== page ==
All of which serves to highlight the importance of broad-based industry associations in the political environment as advocates for good economic policy. The Australian Chamber of Commerce and Industry represents the interests of a large base of energy users in the business community covering 300,000 businesses and acts on their behalf to ensure their views are considered in the national policy debate. The broad interests of industry in relation to the RET also happens to largely coincide with those of household energy users; both groups would benefit considerably from the scheme being phased out or scaled back.

The RET operates to drive up electricity prices for the sake of high-cost carbon abatement opportunities. Soon to be released modelling for ACCI by Deloitte Access Economics shows this will not only impose costs on energy consumers directly, it will also lead to broader economic damage to the Australian economy to the tune of $30 billion across the remaining life of the scheme. Jobs and investment will also be a casualty of the RET due to the loss of competitiveness it inflicts on Australian industry. The chief bene­ficiaries of the RET are in the wind industry, which will pocket $37bn in subsidies until 2030, or about $2.5bn a year on average.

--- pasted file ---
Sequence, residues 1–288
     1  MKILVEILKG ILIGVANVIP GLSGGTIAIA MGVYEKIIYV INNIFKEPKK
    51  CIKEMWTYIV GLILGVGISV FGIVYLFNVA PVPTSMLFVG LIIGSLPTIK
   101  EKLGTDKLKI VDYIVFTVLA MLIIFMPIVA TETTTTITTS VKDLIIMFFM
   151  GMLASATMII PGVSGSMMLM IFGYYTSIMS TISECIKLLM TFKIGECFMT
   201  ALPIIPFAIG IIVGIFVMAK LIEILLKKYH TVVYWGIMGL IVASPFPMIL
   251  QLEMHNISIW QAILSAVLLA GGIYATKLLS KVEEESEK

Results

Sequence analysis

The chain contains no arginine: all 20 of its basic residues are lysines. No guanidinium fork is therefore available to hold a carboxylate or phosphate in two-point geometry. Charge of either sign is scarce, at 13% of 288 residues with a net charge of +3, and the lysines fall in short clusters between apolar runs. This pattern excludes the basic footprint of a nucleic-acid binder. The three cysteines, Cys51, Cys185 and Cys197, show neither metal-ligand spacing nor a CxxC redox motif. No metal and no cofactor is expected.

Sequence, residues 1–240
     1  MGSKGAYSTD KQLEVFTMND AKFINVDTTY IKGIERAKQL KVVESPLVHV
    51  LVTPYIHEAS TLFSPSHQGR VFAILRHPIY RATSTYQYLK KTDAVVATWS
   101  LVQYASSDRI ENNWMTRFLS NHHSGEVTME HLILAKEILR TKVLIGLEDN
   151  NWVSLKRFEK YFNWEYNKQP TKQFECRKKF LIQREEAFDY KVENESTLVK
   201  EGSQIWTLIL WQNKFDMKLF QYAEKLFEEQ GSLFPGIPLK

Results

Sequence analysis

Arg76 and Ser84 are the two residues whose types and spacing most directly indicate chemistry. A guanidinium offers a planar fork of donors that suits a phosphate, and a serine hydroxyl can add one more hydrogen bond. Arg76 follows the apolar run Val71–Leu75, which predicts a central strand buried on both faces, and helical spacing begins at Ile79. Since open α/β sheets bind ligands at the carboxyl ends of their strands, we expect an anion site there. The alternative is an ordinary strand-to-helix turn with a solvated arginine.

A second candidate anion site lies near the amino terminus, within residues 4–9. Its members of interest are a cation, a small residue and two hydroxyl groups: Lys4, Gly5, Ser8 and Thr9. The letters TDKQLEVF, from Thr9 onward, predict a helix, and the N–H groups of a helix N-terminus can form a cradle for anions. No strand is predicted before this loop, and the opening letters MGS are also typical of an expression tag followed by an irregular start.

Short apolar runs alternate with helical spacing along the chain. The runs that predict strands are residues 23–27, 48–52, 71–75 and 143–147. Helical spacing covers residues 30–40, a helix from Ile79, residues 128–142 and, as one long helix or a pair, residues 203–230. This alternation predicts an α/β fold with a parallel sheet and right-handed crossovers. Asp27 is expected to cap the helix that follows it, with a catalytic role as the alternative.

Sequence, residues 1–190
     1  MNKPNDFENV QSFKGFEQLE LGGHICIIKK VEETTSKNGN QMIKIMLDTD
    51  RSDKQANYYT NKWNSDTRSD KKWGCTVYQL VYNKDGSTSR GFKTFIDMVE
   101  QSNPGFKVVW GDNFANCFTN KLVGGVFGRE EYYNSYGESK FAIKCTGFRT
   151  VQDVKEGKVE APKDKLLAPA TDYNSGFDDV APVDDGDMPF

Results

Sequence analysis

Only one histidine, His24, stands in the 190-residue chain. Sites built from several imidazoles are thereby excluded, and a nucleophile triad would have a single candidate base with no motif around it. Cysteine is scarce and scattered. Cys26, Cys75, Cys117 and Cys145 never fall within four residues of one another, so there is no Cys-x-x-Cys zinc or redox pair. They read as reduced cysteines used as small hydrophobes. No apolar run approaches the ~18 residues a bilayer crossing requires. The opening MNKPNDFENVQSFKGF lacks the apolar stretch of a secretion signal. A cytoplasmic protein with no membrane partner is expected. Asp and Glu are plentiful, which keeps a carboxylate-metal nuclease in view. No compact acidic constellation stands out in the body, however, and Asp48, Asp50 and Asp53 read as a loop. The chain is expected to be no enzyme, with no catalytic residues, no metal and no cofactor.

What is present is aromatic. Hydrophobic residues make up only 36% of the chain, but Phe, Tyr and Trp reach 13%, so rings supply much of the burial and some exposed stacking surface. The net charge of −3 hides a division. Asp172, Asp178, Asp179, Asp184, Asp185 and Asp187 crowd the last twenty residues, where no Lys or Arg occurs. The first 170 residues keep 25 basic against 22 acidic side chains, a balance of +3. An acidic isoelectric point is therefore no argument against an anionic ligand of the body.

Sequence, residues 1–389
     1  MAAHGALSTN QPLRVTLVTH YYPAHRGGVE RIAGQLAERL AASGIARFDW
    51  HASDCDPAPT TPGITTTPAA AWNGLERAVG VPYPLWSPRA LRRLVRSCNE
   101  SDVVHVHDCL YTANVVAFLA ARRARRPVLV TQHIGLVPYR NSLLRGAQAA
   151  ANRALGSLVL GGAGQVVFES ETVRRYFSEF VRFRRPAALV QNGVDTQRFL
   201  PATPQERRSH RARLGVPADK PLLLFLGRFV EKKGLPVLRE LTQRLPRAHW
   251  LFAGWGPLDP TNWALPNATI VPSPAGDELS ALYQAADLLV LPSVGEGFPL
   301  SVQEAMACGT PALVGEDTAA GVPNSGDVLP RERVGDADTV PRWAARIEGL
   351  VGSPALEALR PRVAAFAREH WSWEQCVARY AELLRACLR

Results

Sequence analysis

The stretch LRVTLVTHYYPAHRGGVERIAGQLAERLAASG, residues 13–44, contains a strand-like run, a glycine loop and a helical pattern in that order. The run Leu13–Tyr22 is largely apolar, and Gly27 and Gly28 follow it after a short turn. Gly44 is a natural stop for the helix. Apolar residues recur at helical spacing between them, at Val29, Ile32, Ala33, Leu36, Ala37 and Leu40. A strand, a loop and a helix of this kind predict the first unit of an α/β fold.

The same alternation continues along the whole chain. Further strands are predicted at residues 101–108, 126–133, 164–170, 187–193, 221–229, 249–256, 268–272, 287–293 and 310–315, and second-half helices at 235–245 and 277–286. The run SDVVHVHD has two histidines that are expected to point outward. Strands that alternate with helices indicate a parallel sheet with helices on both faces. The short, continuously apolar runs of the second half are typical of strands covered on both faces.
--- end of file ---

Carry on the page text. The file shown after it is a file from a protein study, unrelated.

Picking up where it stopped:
Rather than seeking an exemption for individual sectors, ACCI is seeking wholesale reform of the RET on behalf of all energy users. Just as Palmer United Party senator Jacqui Lambie wants to see the entire state of Tasmania exempted from the scheme, ACCI believes the most appropriate exemption is one for the entire country.

Burchell Wilson is chief economist of the Australian Chamber of Commerce and Industry.

In the News…

Ex-Chamber of Commerce economist calls cops over alleged dirty tricks